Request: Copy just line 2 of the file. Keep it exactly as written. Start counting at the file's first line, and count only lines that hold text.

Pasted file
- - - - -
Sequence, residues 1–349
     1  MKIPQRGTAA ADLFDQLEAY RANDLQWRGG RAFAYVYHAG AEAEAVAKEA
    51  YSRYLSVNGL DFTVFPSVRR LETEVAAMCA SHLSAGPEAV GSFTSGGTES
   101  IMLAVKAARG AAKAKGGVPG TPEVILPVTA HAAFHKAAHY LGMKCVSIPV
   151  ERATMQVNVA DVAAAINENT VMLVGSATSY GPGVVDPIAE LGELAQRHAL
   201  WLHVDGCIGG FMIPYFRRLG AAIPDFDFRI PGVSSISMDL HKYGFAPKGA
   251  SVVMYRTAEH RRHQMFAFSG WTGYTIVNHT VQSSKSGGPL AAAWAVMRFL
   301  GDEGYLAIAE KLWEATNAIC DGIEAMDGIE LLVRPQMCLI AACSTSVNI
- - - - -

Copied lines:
     1  MKIPQRGTAA ADLFDQLEAY RANDLQWRGG RAFAYVYHAG AEAEAVAKEA